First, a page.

The administrative law judge held that this material falls within the category of iron and steel articles. Anthony G. Ayala, supra note 2, at 19 (initial decision), J.App. 30. May's retort is that sprinkler systems do not appear in the Commission's listing of iron and steel articles, citing Descriptions in Motor Carrier Certificates, 61 M.C.C. 209, 276 (1953) (App. 5). We agree with the judge that the listing cited is descriptive and that the presence of brass sprinkler heads in an otherwise iron-and-steel system is de minimus. See Atlanta-New Orleans Motor Freight Co., 69 M.C.C. 257, 261 (Div. 1, 1956) (iron-and-steel articles authority may include items not on the 1953 list)
Anthony G. Ayala, supra note 2, at 18-19 (initial decision), J.App. 29-30; Tr. 221-222, 224, 229
Anthony G. Ayala, supra note 2, at 18-19 (initial decision), J.App. 29-30
See cases cited Supra notes 17-19
Anthony G. Ayala, supra note 2, at 24 (initial decision), J.App. 35; Tr. 401, 406
Anthony G. Ayala, supra note 2, at 24-25 (initial decision), J.App. 35-36
A vice president of the company who had planned to appear was unable to be present. Tr. 393
Anthony G. Ayala, supra note 2, at 25 (initial decision), J.App. 36
Id. at 19, J.App. 30; Tr. 260, 267
Anthony G. Ayala, supra note 2, at 20 (initial decision), J.App. 31
Hearsay generally is admissible in administrative hearings. E. g., Brown v. Gamage, 126 U.S.App.D.C. 269, 273, 377 F.2d 154, 158, Cert. denied, 389 U.S. 858, 88 S.Ct. 103, 19 L.Ed.2d 125 (1967)
Anthony G. Ayala, supra note 2, at 20-21 (initial decision), J.App. 31-32
See text Supra at note 12
Consolo v. FMC, supra note 11, 383 U.S. at 620, 86 S.Ct. at 1026, 16 L.Ed.2d at 141
Anthony G. Ayala, supra note 2, at 35 (initial decision), J.App. 46. Compare ICC v. J-T Transp. Co., 368 U.S. 81, 93, 82 S.Ct. 204, 211, 7 L.Ed.2d 147, 156-157 (1961) ("where the protesting carriers do not presently have the business, it would seem that the grant of it to a newcomer would have an adverse effect on them only in the unusual case")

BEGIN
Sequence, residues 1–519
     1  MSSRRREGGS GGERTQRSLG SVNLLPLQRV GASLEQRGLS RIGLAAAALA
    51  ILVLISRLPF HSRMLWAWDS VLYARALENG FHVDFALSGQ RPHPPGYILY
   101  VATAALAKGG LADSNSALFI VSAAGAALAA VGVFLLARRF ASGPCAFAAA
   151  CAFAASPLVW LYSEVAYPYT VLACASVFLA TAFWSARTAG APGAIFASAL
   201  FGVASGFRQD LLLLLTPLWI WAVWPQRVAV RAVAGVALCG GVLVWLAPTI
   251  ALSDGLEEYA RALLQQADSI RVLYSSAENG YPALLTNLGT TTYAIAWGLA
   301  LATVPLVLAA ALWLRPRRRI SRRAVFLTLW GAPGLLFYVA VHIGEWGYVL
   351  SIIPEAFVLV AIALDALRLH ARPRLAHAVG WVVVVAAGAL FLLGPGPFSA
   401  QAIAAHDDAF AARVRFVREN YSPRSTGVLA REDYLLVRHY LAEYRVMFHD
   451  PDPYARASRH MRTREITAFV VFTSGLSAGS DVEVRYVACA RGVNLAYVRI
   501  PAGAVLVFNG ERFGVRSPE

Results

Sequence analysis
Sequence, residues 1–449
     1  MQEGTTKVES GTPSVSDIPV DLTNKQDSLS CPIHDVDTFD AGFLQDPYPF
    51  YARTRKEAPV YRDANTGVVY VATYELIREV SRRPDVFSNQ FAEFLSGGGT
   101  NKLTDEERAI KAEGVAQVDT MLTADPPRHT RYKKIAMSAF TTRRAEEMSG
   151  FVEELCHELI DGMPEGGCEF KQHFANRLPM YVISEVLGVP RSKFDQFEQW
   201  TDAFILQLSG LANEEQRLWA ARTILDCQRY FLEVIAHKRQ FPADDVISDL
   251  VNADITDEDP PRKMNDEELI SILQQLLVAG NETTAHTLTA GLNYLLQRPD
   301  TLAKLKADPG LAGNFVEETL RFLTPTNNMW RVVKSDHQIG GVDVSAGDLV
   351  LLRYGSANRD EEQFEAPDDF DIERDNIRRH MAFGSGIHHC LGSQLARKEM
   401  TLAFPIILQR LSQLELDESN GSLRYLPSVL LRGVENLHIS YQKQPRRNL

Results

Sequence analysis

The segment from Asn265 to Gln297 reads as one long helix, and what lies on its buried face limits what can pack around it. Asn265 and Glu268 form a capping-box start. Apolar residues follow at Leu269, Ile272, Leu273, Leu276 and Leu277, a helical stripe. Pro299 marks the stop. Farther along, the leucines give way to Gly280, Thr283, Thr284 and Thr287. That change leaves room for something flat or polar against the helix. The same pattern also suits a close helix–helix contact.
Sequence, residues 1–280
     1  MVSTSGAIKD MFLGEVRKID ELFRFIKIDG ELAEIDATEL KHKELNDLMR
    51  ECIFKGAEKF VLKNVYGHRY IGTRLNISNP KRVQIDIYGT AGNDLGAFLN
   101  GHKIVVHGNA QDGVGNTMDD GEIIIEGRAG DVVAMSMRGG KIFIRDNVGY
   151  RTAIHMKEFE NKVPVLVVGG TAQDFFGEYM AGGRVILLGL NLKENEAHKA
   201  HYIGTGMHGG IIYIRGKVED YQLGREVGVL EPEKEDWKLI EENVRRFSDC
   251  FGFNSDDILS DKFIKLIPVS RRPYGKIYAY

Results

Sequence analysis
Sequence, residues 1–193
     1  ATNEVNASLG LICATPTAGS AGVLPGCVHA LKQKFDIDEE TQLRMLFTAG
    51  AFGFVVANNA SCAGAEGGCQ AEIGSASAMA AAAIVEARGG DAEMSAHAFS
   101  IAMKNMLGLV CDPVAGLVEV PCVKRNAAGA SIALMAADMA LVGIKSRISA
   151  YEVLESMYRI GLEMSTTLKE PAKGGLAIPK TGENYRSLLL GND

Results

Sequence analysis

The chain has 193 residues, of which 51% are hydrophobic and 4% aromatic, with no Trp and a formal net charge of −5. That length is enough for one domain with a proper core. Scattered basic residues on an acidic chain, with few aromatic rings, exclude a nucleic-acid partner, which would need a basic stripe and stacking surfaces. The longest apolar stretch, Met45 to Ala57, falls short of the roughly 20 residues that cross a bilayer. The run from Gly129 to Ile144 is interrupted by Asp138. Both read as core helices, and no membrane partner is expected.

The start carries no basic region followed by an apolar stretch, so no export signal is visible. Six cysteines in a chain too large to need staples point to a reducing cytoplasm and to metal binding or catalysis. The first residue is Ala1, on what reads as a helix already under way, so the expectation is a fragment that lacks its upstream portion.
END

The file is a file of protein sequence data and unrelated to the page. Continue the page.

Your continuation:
May's Hearing Exhibit 54, discussed in Anthony G. Ayala, supra note 2, at 31 (initial decision), J.App. 42
See P. C. White Truck Line, Inc. v. ICC, 179 U.S.App.D.C. 367, 369, 551 F.2d 1326, 1328 (1977); Sawyer Transp., Inc. v. United States, 565 F.2d 474, 478 (7th Cir. 1977); Highland Tours, Inc., 128 M.C.C. 595, 603 (Div. 1 1977) ("(a) carrier first in business has no absolute immunity against future competition. Even though the resulting competition may cause a carrier already providing service to lose revenue, the issuance of new authority may best serve the public convenience and necessity . . . .")
See P. C. White Truck Line, Inc. v. ICC, supra note 47, 179 U.S.App.D.C. at 369, 551 F.2d at 1328, quoting Bowman Transp. Co. v. Arkansas-Best Freight Sys., Inc., supra note 10, 419 U.S. at 298, 95 S.Ct. at 448, 42 L.Ed.2d at 463 ("(t)he Commission . . . is entitled to conclude that preservation of a competitive structure in a given case is overridden by other interests")
See Latin Express Serv., Inc., 128 M.C.C. 740, 746-747 (Comm'n 1978) (evidence merely of potential diversion of traffic is inadequate "to establish that the authorization of the service proposed by applicant would endanger or impair (existing carriers') operations"); Wayne Daniel Truck, Inc., 128 M.C.C. 1, 9 (Div. 1 1977) ("we do not perceive that any diversion of traffic from protestant would adversely affect their continued ability to provide service to the public"). See also Pan American Bus Lines Operation, supra note 15, 1 M.C.C. at 203 (test is whether new service can be provided "without endangering or impairing the operations of existing carriers Contrary to the public interest ") (emphasis supplied). In P. C. White Truck Lines, Inc. v. ICC, supra note 47, 179 U.S.App.D.C. at 369, 551 F.2d at 1328, we noted the Supreme Court's approval in Bowman Transp. Co. v. Arkansas-Best Freight Sys., Inc., supra note 10, of the Commission's conclusion "that the wholesomeness of competition overshadowed any adverse effects upon other carriers . . . ."
Northwest Transp. Serv., Inc., 128 M.C.C. 622, 625-626 (Div. 1 1977) ("(w)hile we recognize the authority granted will conflict with protestants' authority, existing carriers are not entitled to remain immune from competition"). See also note 47 Supra